The International Monetary Fund (IMF) says Zimbabwe should prioritise clearing arrears to international financial institutions (IFIs) to be able to access new financing.
On Thursday, Zimbabwe’s plan to clear its arrears to IMF, World Bank and the African Development Bank (AfDB) was approved by creditors in Lima, Peru, on the sidelines of the two institutions’ annual meetings.
Responding to questions from journalists on Zimbabwe’s plan, Antoinette Sayeh, IMF director (African Department), said the arrears had to be cleared for Zimbabwe to access new financing.
Zimbabwe owes the three international financial institutions $1,8 billion. The IMF is owed $110 million, the World Bank ($1,15 billion) and AfDB ($601 million).
“So it is a priority for the Zimbabwean authorities to, as quickly as possible, try to clear the arrears to international financial institutions as a first step in being able to access new financing that is so desperately needed for Zimbabwe to make progress on economic and social issues,” Sayeh said.
She said Zimbabwe’s proposals were being worked on and there “is the discussion of bridge financing that would be available to clear the arrears to the World Bank and the African Development Bank and possible use of Zimbabwe’s SDR [special drawing rights]holdings to pay the arrears to the IMF”.
“Details are still being worked on, but all in all, these options were looked upon favourably in the meeting we had and were seen as feasible to put in place,” Sayeh said.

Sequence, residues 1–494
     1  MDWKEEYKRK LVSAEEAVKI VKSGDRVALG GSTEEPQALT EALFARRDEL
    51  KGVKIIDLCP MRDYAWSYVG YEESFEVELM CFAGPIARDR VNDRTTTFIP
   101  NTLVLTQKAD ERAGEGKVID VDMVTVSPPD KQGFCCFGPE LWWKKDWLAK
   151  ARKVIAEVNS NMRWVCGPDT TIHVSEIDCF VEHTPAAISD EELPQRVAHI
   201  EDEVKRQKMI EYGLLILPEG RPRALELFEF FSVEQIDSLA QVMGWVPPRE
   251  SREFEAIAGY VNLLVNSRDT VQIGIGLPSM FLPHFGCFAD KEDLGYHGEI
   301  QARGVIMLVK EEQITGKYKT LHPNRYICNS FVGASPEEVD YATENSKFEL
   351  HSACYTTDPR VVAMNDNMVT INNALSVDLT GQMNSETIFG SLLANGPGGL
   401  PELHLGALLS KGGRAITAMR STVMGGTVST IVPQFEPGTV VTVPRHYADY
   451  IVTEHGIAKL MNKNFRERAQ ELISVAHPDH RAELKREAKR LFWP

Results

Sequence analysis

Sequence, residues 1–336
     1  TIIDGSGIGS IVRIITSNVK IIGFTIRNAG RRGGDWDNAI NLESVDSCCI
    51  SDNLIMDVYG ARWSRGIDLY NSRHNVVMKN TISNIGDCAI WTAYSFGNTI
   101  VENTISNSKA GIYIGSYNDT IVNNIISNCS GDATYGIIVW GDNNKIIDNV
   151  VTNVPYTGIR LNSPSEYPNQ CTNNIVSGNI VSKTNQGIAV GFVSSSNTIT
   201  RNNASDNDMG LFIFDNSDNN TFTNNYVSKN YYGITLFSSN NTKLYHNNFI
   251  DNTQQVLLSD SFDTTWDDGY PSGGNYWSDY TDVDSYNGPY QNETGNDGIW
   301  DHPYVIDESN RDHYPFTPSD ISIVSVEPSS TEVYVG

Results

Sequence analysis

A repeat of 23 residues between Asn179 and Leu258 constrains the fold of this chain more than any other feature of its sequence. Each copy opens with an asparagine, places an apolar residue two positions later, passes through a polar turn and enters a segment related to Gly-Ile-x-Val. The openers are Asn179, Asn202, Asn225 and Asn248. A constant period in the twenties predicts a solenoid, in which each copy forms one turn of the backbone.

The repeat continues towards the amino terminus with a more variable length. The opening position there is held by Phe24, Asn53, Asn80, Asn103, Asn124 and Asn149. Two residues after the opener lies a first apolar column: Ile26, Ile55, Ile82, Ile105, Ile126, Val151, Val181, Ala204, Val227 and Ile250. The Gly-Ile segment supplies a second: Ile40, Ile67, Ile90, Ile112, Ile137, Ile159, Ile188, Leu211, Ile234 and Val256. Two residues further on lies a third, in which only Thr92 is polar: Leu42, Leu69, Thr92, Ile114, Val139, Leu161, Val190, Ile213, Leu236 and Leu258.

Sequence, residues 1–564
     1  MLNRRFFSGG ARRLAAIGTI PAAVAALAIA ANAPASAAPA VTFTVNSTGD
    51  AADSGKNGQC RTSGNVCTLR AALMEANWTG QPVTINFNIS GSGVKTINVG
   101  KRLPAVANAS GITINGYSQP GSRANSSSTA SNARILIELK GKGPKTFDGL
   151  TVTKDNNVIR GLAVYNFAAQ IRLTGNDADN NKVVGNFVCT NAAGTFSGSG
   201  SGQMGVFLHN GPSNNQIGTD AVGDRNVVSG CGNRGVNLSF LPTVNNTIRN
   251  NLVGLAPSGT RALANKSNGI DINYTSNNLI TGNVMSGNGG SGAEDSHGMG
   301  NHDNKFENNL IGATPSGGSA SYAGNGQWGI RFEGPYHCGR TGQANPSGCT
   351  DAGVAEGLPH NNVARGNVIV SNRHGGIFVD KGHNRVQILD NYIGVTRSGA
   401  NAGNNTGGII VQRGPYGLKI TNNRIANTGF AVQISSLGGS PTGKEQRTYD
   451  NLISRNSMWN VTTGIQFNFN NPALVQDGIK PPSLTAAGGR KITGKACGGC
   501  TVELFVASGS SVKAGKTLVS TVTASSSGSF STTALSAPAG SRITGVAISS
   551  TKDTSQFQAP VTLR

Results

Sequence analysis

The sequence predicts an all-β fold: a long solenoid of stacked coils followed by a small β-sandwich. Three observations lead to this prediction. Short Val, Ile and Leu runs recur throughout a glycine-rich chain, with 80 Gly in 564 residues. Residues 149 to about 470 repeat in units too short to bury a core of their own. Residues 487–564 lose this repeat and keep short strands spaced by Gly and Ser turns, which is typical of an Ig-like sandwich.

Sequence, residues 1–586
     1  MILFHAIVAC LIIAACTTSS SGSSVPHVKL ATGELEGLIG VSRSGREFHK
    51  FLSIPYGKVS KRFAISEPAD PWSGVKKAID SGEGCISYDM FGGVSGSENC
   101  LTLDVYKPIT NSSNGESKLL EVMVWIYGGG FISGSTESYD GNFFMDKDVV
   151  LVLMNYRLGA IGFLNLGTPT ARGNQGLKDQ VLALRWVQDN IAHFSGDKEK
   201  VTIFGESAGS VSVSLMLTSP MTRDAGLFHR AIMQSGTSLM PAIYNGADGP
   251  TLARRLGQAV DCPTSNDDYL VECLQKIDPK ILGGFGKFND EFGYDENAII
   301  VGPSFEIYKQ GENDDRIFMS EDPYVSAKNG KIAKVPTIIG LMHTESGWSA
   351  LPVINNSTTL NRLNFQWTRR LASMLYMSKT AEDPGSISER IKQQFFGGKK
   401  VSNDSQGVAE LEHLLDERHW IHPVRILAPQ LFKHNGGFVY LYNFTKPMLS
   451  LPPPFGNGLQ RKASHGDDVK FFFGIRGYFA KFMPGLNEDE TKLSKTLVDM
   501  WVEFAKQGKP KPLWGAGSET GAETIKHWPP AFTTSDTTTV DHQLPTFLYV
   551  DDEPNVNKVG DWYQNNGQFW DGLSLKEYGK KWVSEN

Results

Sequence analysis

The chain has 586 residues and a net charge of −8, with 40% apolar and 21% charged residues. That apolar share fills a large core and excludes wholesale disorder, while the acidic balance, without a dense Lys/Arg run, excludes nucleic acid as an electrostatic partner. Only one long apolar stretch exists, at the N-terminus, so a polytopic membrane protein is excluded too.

She said Zimbabwe still has the task of demonstrating a strong track record of reforms under the 15-month IMF’s Staff Monitored Programme (SMP). The second SMP review was done in September and Zimbabwe met the quantitative benchmarks. The final review will be done next year.
“And if performance continues to be very good under that programme, our hope is that the process of clearing the arrears proceeds and that it could be possible by the middle of next year to see Zimbabwe clear its arrears to all of the IFIs and thereby being able to benefit from new financing from them,” Sayeh said.
“But a very important next step will also be, of course, beginning the discussion with bilateral creditors about how the debt to them will be dealt with.”
Zimbabwe requires long-term financing to help reboot the economy but is hamstrung by the external debts which have locked the flow of international capital.
Cumulatively, Zimbabwe’s public and publicly-guaranteed debt stood at $8,4 billion as at end of June 2015.
Finance minister Patrick Chinamasa said last week that Zimbabwe would ride on the successful clearance of arrears to the preferred creditors to engage the European Investment Bank, the Paris Club and non-Paris Club bilateral creditors for debt resolution.